The CFTC whistleblower program is similar to the program offered by the Securities and Exchange Commission although there are a few key differences between the laws. The number and size of rewards from the CFTC has also been smaller so far, but the program holds the potential to bring massive enforcement actions due to the size of the markets under its regulation. Our whistleblower attorneys can assist you with evaluating your options for reporting to the CFTC – please call 1-800-590-4116 to speak to a McEldrew Young attorney in a confidential initial consultation.
The initial tip to the CFTC must be on Form TCR. There is an online submission form but the form can also be mailed or faxed to them. We handle this process for our clients. Once the form has been submitted, the Whistleblower Office takes the tip and assigns it to the appropriate agents for investigation and enforcement. They begin to investigate the information provided. Sometimes the regulator will need to gather further information from the whistleblower during the course of its investigation. The process of investigation can be lengthy. If the tip has credibility, the agency will subpoena documents and emails from the company. Following the investigation, the CFTC will either pursue settlement talks or an enforcement action.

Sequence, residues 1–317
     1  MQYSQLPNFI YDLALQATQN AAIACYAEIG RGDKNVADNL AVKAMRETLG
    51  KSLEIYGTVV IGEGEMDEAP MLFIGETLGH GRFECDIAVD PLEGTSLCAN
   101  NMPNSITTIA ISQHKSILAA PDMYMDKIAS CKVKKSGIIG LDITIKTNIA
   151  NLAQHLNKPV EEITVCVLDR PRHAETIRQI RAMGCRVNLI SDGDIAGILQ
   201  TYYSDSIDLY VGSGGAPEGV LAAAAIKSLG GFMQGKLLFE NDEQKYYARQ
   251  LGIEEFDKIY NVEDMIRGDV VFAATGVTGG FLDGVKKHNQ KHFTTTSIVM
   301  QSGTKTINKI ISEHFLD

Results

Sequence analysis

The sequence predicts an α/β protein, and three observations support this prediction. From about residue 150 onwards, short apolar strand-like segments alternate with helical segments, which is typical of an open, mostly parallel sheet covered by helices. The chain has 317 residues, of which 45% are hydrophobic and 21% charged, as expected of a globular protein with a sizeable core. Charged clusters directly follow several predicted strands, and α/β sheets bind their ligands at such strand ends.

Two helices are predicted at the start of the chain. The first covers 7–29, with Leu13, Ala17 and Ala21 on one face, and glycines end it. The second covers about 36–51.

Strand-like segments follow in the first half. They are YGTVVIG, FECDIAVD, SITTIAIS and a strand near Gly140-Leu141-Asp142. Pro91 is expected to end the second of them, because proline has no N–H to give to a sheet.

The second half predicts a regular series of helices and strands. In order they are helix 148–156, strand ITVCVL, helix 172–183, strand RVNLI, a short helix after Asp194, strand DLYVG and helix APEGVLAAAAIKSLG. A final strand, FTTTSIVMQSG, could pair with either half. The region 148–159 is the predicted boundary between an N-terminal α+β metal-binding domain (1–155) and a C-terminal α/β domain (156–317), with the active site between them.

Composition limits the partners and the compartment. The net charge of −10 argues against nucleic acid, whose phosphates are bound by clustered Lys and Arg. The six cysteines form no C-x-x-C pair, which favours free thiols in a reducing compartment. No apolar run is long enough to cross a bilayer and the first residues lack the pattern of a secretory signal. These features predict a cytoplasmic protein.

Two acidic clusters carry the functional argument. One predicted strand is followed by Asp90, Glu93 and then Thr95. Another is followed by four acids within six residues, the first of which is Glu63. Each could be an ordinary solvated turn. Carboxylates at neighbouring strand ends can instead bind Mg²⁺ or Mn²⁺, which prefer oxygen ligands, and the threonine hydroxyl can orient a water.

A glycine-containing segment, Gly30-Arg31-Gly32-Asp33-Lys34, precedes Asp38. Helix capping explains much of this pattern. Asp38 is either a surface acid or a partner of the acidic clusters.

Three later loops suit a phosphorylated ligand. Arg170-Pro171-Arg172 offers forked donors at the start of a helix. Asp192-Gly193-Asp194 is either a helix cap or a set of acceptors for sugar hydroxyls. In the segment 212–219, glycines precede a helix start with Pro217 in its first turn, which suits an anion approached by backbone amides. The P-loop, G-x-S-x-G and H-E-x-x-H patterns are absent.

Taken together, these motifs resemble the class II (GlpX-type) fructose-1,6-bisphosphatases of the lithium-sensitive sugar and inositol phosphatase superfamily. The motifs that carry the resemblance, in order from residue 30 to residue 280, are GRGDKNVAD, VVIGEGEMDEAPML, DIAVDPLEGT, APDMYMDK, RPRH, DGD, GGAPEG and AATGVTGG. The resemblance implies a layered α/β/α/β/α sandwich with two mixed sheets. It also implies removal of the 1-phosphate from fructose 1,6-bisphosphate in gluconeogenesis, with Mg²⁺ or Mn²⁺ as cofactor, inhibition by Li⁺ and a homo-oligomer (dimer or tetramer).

Dodd-Frank authorizes the CFTC to pay an award when the agency recovers at least $1 million in an enforcement action resulting from the information submitted by the individual to the government. The amount is set at between 10 and 30 percent of the recovery. The Office of the Whistleblower evaluates claims for rewards. Following a successful enforcement action, the office issues a notice providing 90 days to submit an application for a reward. The agency evaluates the action to determine whether the individual is eligible and complied with the rules of the program. If a monetary award will be made, they also consider the appropriate percentage of the reward according to the guidelines. There is a process for appeals following the determination.
There are complex rules set forth by Congress and the CFTC to determine when an individual may obtain a reward from the program.
Information must be:
- provided voluntarily
The individual may not be:
- certain government or self-regulatory personnel
- someone convicted of a crime in connection with the reported conduct.
There are other requirements. The individual must also comply with any special reporting requirements, such as the waiting period for compliance professionals.
THE TYPES OF CASES THE CFTC IS LOOKING FOR: